Selfishness, being concerned primarily, almost exclusively, with one’s own desires, wants, profits, and pleasures, is all the rage and comes sinfully natural.  We see, read, and hear about selfishness all the time.  TV, radio, and most forms of media report and/or advertise to the sin of self greed and egotism.  We hear about the senseless murder of lives, relationships, families, careers, and reputations at an alarming rate, all because someone’s selfish desires come before the thought of others.  We can easily believe that our world is more selfish now than ever.  However, when we take a stroll through history, we are reminded that since Adam and Eve, selfishness has been ingrained in us.

Jesus, hits self centeredness head on and addresses it and the many ways selfishness is disguised.  As they were going along the road, someone said to him, “I will follow you wherever you go.” And Jesus said to him, “Foxes have holes, and birds of the air have nests, but the Son of Man has nowhere to lay his head.” To another he said, “Follow me.” But he said, “Lord, let me first go and bury my father.” And Jesus said to him, “Leave the dead to bury their own dead. But as for you, go and proclaim the kingdom of God.” Yet another said, “I will follow you, Lord, but let me first say farewell to those at my home.” Jesus said to him, “No one who puts his hand to the plow and looks back is fit for the kingdom of God.” Luke 9:57-62

When we look at the Unselfish Love Christ had and has for His Father’s plan of Salvation, how He lived His earthly life, and these verses, we see the concept of Unselfish Love.  We see the need for daily sacrifice of self and the alluring, worldly trappings of this life.  It doesn’t take a PH D in Biblical Studies to see that Christ is calling us to a life that is led, lived, and loved with God as the Leader.  Christ set His heart, hands, humility, and life on the Father’s plan to buy back His children from their sins.  Nothing could or would stop Him – not even death.  Christ challenged these three men and their reasons/excuses for why they couldn’t put God first.

As Christ Followers, we are challenged and charged with the same confrontation as these three men.  We are called to sacrifice our own agendas- selfishness- and put on God’s agenda of Unselfish Love to the Father, Son, and Holy Spirit and then to our fellow man.  So when you find yourselves challenged to put you first, your career first, your emotions first, your desires first, remember;  God promises us that this world passes away and only salvation in Jesus Christ is forever.  That those who seek First His Kingdom and His Righteousness will have all things added unto them and the First will be Last.    Let’s start living UNSELFISHLY!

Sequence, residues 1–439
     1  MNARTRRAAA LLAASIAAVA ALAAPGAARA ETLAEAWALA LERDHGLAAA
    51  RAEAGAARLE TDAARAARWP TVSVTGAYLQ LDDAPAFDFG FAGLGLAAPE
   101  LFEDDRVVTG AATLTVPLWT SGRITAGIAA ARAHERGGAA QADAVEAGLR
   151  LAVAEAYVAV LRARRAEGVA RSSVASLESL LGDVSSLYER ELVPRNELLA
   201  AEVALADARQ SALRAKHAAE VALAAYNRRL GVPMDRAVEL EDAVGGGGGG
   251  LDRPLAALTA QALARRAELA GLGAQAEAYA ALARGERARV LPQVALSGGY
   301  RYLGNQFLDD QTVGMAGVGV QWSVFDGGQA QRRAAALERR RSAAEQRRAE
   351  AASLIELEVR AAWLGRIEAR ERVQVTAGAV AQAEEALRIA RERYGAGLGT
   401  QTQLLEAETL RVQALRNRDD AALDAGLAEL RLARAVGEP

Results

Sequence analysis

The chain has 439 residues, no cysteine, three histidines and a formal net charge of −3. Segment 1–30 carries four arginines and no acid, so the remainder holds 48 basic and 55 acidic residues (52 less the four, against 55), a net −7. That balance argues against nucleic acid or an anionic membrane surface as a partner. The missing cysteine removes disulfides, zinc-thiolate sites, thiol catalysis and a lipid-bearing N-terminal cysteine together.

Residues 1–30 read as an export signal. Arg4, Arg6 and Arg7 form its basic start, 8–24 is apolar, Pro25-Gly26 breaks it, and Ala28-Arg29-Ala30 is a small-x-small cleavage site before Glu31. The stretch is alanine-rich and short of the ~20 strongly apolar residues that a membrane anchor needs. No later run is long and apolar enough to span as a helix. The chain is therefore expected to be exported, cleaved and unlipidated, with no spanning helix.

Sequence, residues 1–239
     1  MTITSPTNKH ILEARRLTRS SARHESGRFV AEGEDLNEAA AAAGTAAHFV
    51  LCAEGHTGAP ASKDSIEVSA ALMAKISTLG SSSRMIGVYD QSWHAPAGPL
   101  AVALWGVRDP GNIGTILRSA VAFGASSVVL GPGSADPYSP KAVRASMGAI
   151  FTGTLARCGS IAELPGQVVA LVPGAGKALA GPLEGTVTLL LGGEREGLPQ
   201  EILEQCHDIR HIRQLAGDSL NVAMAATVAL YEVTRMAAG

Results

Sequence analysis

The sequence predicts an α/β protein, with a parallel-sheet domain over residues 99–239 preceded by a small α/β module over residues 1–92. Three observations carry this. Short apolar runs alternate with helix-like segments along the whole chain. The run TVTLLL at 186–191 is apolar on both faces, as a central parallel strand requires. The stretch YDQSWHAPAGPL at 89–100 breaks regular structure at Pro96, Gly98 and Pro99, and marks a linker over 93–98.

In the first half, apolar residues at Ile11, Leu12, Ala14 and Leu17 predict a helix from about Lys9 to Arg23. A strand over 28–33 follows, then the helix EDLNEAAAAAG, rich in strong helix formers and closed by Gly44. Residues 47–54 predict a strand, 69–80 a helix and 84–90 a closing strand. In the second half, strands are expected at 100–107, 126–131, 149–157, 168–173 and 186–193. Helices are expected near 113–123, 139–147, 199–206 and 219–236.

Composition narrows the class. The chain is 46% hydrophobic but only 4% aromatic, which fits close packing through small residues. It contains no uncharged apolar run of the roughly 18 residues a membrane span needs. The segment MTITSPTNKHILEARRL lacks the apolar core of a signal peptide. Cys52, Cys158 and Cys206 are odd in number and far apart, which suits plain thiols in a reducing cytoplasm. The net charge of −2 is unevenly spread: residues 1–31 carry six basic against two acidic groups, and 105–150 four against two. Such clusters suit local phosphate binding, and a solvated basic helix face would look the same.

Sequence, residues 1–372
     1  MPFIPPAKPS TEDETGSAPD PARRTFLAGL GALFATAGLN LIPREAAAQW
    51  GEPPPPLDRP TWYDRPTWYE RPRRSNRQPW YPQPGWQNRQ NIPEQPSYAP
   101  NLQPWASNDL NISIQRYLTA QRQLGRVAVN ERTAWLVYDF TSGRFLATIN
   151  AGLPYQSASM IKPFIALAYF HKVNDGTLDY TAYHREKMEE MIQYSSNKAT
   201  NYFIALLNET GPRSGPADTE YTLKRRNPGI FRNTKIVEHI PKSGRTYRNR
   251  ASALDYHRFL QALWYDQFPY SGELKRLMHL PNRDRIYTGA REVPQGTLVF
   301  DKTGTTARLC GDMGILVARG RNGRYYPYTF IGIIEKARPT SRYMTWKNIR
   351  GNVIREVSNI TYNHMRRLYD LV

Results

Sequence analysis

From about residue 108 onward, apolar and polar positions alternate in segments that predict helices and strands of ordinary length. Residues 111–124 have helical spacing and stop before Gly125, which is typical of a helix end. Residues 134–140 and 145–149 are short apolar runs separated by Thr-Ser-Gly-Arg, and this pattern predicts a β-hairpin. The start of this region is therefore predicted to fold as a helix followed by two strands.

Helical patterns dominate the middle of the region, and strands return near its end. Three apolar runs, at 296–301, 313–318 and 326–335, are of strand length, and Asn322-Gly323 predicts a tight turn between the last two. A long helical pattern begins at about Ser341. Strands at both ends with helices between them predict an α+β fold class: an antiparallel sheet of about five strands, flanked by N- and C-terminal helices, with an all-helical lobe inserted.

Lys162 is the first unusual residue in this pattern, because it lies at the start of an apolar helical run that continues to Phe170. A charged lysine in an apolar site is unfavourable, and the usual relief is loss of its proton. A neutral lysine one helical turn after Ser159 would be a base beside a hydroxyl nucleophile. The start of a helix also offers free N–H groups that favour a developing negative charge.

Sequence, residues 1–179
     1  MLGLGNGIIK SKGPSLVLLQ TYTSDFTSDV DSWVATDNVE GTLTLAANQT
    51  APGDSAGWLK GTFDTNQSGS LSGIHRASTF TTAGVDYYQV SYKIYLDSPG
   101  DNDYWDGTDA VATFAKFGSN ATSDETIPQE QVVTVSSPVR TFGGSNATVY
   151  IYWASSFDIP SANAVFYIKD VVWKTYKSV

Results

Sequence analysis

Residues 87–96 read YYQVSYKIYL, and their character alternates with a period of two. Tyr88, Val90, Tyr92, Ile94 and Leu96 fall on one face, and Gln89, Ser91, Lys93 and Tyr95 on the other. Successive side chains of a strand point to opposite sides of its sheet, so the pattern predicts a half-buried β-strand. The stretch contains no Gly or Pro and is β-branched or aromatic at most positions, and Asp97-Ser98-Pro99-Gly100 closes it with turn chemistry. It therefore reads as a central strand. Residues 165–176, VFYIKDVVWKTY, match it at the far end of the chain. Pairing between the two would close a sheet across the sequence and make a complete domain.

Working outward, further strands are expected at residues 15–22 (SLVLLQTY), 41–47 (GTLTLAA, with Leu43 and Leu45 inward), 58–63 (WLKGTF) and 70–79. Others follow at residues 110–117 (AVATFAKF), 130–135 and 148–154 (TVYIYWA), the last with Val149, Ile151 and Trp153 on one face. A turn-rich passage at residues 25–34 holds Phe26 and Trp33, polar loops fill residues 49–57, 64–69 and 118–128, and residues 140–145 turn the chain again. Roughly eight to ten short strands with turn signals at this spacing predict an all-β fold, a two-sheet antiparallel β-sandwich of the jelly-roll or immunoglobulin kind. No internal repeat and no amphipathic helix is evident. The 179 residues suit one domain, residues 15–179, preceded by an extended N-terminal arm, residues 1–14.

Forgiveness is a topic we always want to hear about when it comes to us being forgiven, but we squirm when it comes to forgiving others.  Why does our desire for our forgiveness come so much easier than our willingness to drop our Pharisee mindset of not wanting or not willingly extending forgiveness?

I mean, let’s face it, when we are honest, we all have broken one commandment or another!  We have all failed to extend the love of forgiveness at one time or another.  Each one of us can’t be ruled by the law because we break all the commandments that God laid down and Jesus made harder by summing them up in two categories – God First, Neighbor Second, and that puts Me Last.  If we seriously take to heart  Romans 2:12,For all who have sinned without the law will also perish without the law, and all who have sinned under the law will be judged by the law.  We find out that we are just like the woman that washed Jesus’ feet with her tears, anointed his feet with ointment, and dried them with her hair.

She intentionally sought her Savior knowing full well that the Pharisees gathered at the house for dinner would not welcome her because she  had “sinned much.”  She passionately gave everything she had in reckless submission and abandonment to worship and serve her Lord and she heard the blessed words that we so want to hear “Your sins are forgiven.” Her gifts were out of her love and gratitude for who and what Jesus is:  Savior of the World.

This forgiveness that Christ offers wasn’t an easy miracle for Him.  Actually, it was the hardest miracle because it meant leaving the glories of Heaven, to come the World He created, and be hated, ridiculed, and put to death by the very ones He made in His image.  All of this to be submissive and obedient to the Father’s plan to fulfill the requirements of the Law of blood sacrifice for sin.  All sins for all times and for all of us.

Let us not be like Simon the Pharisee and elevate ourselves above Jesus’ sacrifice, death, and resurrection by thinking we don’t need forgiveness because are “good enough.”  We can never replace Jesus with our works because we cannot keep the full law.  Salvation isn’t based on how “good” the world thinks we are or how “bad” the world thinks we are.  Salvation isn’t found in how many “good” things we do or especially, on how “good” we think we are.

Salvation is only found in the Faith of Jesus Christ, that the Holy Spirit brings to us.  So let us be like the “woman” and rejoice over being forgiven much and out of response to the gift of Forgiveness start the hard work of forgiving others as we have been forgiven.